yes, i think i’d prefer peace and freedom to justice. maybe god’s gifts of peace and freedom are justice after all.

listening to god

i am a lousy listener.

i’ve improved some in recent years, with painful attention to being present. but, my natural inclination is to not listen. not that i intentionally choose to ignore. i just get distracted with other, seemingly more attractive or more pressing or more loud magnets of my focus.

nowhere is this more evident than with god.

i want some insight. i need some wisdom. i long for direction. but my plate is so full and my pace so quick and my distractions so plentiful that i have, i’m confident, power-stepped right past insight and wisdom and direction straight from heaven thousands of times (maybe even thousands of times per day).

and right now, i have a massive, life-altering decision in my lap. it’s a choice between good and good (even great and great); but the unfortunate and necessary reality of choosing between great things is that not choosing one of the great things is a loss. which means, in the end, a choice between great and great becomes a lose/lose proposition. whichever way i go on this, i’ll lose something. i know that sounds pessimistic — i’m a natural optimist, actually; it’s just the reality i’m facing.

in order to listen, i have to shut out the distractions of:

    writing deadlines
    event planning
    coaching cohort launching
    website development
    planning my talks for saturday’s parent summit
    planning my talk for the college ministry sunday night
    booking that flight
    reviewing those 3 book proposals
    sending out 2 invoices
    google reader
    and so, so many others things calling to me.

so i’m in the desert (actually, i left yesterday — wednesday — and set this post to go live today while i’m already out there). it’s a literal desert, by the way. not a figurative or metaphorical desert. i’m in the same cabin i’ve gone to many time previous, to seek god and listen and be silent. i’m fasting for two days (something i don’t practice often enough), unplugging, listening, journalling, praying, and generally shutting up.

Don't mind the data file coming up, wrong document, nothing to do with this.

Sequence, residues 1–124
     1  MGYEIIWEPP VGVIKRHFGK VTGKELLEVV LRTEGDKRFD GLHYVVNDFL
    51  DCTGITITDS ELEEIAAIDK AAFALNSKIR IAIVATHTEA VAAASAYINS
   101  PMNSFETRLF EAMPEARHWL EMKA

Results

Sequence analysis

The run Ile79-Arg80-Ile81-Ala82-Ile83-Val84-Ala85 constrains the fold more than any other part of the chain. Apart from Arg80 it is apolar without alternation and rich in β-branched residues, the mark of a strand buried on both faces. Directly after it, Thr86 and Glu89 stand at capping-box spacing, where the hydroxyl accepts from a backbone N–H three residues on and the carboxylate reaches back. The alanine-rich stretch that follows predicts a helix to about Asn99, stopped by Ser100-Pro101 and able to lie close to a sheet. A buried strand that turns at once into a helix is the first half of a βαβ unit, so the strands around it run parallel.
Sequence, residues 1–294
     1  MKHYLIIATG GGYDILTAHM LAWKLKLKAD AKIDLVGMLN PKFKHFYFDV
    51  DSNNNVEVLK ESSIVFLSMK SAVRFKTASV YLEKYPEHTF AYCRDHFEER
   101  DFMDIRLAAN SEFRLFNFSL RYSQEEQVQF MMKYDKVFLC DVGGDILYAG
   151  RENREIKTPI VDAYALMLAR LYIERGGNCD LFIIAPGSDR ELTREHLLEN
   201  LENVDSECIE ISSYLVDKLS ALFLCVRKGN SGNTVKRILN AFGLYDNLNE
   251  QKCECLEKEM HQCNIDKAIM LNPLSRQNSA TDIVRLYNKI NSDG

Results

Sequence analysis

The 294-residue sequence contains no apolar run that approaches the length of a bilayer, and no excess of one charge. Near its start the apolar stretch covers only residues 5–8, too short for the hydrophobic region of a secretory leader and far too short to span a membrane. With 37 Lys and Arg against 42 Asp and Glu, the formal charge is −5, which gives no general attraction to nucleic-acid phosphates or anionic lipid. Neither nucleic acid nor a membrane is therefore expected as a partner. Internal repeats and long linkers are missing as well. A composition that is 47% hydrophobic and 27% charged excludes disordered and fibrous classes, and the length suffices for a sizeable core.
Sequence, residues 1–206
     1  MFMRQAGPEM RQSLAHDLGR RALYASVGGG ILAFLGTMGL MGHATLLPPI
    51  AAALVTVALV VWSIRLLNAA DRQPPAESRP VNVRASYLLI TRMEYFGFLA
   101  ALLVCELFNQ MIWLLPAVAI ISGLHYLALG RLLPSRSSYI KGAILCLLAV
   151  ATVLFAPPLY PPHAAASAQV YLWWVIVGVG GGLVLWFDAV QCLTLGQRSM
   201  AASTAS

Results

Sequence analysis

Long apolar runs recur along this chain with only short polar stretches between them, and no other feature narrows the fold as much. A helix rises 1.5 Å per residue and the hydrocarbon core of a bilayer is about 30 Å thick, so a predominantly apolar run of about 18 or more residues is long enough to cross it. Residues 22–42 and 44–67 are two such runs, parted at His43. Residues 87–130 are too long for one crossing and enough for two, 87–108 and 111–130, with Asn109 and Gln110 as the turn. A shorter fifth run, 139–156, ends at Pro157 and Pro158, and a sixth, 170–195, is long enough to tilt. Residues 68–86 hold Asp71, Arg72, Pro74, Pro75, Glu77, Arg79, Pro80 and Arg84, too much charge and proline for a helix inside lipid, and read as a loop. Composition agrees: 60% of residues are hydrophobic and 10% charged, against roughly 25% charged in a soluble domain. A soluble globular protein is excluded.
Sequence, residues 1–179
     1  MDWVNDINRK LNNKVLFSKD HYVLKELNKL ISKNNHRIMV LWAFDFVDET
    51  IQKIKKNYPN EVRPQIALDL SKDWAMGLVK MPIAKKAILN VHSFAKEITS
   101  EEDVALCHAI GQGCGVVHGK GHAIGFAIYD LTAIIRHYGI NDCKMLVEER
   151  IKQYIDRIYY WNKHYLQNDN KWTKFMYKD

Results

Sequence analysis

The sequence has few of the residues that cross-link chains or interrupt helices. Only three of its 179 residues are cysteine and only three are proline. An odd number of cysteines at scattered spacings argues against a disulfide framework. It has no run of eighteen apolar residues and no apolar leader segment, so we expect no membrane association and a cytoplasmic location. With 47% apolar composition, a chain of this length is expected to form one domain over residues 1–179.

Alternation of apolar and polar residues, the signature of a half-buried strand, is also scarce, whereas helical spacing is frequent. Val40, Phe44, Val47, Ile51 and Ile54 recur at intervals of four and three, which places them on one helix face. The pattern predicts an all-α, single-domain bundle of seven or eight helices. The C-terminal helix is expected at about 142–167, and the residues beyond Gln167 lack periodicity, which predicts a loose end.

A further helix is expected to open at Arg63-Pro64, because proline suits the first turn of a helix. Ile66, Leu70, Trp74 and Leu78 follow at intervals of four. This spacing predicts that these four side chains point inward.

it’s the worst time imaginable to leave my desk and go to the desert; which means it’s the most important time possible.

reflections from the desert about nywc and the 1 year anniversary of leaving ys

It’s Tuesday, October 12, 2010, as I write. 8:15am. I woke up this morning in Canebrake Canyon, in the desert east of San Diego. I’m back at the desert home I have retreated to a few times in the past for days of silence. But this is the first time I’ve been here in a year.

The last time I was here, in November of 2009, I spent 6 days here, silent other than my cries to God. I gave a full day each to being present to five emotions: anger, hurt, sadness, fear, and joy. I allowed myself to feel that emotion to the fullest extent, then journaled and prayed and meditated and stomped around. And I healed. Really, while I’m sure some of this is my personality make-up, I am still – a year later – a bit surprised by how quickly I was lifted out of the overwhelming anxiety of what happened and fear of what was to come, how quickly God pointed me in a new direction, how quickly my heart healed.

There are still some wounds in there, I’m sure. I really don’t think I’ve stuffed them or buried them; I just think they’re the natural sensitive places left over from injury (very much like the sensitivity of the scar on my thumb that’s been there since 11th grade, in 1979). This residual sensitivity was made very clear to me a week and a half ago at the National Youth Workers Convention.

The week before the NYWC, I started to feel something I hadn’t felt in a very long time: anxiety. In fact, I was more interested in the foreignness of the feeling than I was in the feeling itself.

I lived with high anxiety (thanks, Mel Brooks) for my last two year at YS. It was constant. It ruined my sleep, lowered my productivity, and pushed my faith into numbness. My soul was a zombie soul.

So when I felt that anxiety again, for the first time since I left this canyon a year ago, it was more intriguing and encouraging than it was debilitating. I was intrigued by the realization that I hadn’t felt anxiety in 2011, even once. And I was encouraged that my life these days is so full of wonderful things and that none of them cause me anxiety (concern and stress from time to time, sure; but not full-on anxiety).